Hello! I write a detailed budget report about my travel expenses for every city I visit and every Euro Trip I make.
I do this not only to track my own expenses, but also to show you how much it really cost to travel in Europe.
In my budget reports I always include an extremely detailed breakdown of my travel expenses and I conclude with other tips and tricks on how to make it (even) cheaper.
I do this to be transparent and to show you that traveling in Europe is not as expensive as you think. If you’re doing your first ever Euro Trip soon, please understand that it takes a lot of planning and researching to be able to fit it to your budget. But you can definitely pull off a Euro Trip for $40 per day budget or even less. It’s absolutely possible. (Use the Euro Trip budget calculator to the right to determine the cost of your own Euro Trip.)
I hope you learn something valuable from this travel budget report!
A detailed breakdown of my travel budget in Amsterdam.
All the travel budget reports.
Netherlands Travel Expenses Breakdown
Netherlands travel budget for 5 days = €185.15
Netherlands travel budget per day = €36.83
The cost of food includes me eating out for lunch and dinner a few times. A typical meal cost around €10. I spent my first night in Bastion Hotel Leeuwarden which includes a buffet breakfast. Other days, I had breakfast at my friends’ place so I didn’t spend money on food in the morning. During the road trip, we had lunches in Volendam and Lelystad. In Amsterdam, we went to the supermarket once because I cooked Filipino food for my friend and he also prepared Dutch food for me. I also bought some breakfast items like fresh milk and cheese. The grocery items cost me €19.50.
My friend, Arnoud, didn’t let me share the cost of the gas in our road trip. But if you’re curious, it cost him around 90 euros. I didn’t spend a lot of money on transportation in Amsterdam because I had a bike which I borrowed from my friend, Willem. The only time I paid for transportation was went we went out at night. I totally recommend renting a bike to go around the city. It’s cheaper, environment-friendly and bike is all the craze in Netherlands so why shouldn’t you use one?
I stayed in Bastion Hotel Leeuwarden on my first night. It is a bit expensive and is a totally avoidable expense if I stayed with my friend, Arnoud. But I thought I’d rest for the night in a nice hotel so there. I didn’t pay for accommodation in Amsterdam because I was staying with my friend Willem. But I don’t have friends in Amsterdam, you say. You can try hospitality websites like Couchsurfing.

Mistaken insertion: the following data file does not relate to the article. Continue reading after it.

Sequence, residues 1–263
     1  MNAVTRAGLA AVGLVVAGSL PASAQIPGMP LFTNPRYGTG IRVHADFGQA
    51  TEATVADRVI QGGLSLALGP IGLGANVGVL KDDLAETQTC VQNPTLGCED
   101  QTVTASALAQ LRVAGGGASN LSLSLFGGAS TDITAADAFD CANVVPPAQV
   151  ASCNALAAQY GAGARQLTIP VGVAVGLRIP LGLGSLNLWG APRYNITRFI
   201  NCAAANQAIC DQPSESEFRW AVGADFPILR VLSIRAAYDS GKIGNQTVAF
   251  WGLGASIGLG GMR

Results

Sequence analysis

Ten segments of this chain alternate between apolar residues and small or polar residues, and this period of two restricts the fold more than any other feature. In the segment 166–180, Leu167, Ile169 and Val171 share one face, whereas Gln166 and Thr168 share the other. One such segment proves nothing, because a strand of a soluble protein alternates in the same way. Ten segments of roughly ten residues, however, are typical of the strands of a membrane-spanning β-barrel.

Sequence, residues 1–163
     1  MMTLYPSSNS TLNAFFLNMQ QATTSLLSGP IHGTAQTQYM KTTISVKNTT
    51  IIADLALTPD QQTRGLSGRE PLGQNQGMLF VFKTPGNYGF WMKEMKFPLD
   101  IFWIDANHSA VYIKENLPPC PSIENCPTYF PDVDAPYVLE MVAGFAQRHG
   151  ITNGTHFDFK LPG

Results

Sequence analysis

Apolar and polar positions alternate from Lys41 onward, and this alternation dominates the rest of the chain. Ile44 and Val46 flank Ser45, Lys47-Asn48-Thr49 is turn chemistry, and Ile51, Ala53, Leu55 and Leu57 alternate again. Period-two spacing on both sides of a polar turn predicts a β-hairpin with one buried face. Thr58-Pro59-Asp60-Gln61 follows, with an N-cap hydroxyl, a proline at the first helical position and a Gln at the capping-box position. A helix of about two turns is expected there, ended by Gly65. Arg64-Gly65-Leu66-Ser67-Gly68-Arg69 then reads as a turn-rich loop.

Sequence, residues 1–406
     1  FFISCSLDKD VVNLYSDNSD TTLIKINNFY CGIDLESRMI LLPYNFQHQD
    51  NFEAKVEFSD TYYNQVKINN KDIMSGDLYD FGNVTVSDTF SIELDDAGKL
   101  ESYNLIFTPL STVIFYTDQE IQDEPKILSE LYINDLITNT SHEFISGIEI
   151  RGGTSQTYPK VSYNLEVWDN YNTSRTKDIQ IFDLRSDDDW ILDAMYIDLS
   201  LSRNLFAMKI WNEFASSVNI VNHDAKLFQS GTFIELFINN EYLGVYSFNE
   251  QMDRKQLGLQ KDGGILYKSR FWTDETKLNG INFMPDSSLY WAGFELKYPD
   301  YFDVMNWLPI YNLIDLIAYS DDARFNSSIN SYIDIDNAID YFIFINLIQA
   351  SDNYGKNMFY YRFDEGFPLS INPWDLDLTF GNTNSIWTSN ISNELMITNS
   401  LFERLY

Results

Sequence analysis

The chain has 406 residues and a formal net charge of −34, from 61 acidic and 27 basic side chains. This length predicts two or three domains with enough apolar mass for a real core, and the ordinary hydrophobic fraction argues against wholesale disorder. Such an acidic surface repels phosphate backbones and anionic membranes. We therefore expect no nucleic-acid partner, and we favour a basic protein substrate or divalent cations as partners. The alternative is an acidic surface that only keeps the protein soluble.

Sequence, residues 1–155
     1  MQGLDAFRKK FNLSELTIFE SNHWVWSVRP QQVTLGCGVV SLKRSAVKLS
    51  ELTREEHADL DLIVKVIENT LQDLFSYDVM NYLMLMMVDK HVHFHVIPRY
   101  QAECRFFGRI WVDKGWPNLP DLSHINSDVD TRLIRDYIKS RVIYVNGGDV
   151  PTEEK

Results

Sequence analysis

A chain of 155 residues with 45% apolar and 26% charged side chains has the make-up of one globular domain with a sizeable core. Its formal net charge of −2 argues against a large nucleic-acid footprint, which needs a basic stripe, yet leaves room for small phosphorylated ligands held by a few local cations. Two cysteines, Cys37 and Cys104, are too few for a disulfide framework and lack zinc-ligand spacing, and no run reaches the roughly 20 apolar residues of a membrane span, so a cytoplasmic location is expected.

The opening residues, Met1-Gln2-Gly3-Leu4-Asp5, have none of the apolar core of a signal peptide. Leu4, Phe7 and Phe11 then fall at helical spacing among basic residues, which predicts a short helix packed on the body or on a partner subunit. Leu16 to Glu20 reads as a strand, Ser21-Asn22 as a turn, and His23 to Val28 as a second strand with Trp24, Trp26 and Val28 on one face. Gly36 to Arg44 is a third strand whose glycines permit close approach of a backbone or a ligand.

I didn’t really go out the first two nights and just had beer and wine with Arnoud’s friends. In Amsterdam, we went bar hopping on a Thursday night and I had a few glasses of beers and vodka shots. My friend Willem also bought me a few shots of vodka as welcome drinks. My Dutch friends are actually really nice it makes me wonder if the culture of “Dutch treat” still applies in this day and age.
This includes the prepaid cost of my cellphone which I used to contact people while in Netherlands. It also includes the cost of me riding the Euromast and watching a movie in Leeuwarden which I am too jetlagged to remember.
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Pretty good budget if you ask me as Netherlands is quite expensive and even hostels are at least 20 euros a night for dorm rooms with 8 other people. You can definitely make it cheaper by not eating in tourist restaurants in the center and follow the eating out advice of Jurriaan, an Amsterdam local I interviewed. You can save money on Amsterdam transportation by buying the day pass which costs €7.50. If biking is your thing, you can also rent bikes.
The travel cost should have been lower if I didn’t stay in a hotel on my first night. Accommodation is really one of the biggest chunk of the travel budget pie when traveling in Europe. If you can eliminate this by visiting friends or using amazing hospitality sites like Couchsurfing, then you are definitely going to save money which you can use to enjoy your trip in Europe.
Taking the train from one city to another usually cost around €17. Travel tip: if you are not shy, you can approach a Dutch student and if you travel with him/her, you get 40% off your train ticket. They know this so ask nicely if you want to save.
If you’re a museum freak, get the museum pass in Amsterdam which costs €39.95 for adults and €19.95 for youngsters up to 18 years of age. It’s a valid for one year and you can go to 34 museums in Amsterdam.
For cheap drinking try Brouwerij ‘t IJ, the windmill brewery in Amsterdam. More options can be found in this Amsterdam essential guide I wrote. It’s full of information about invading ‘dam on the cheap.
It’s all happening!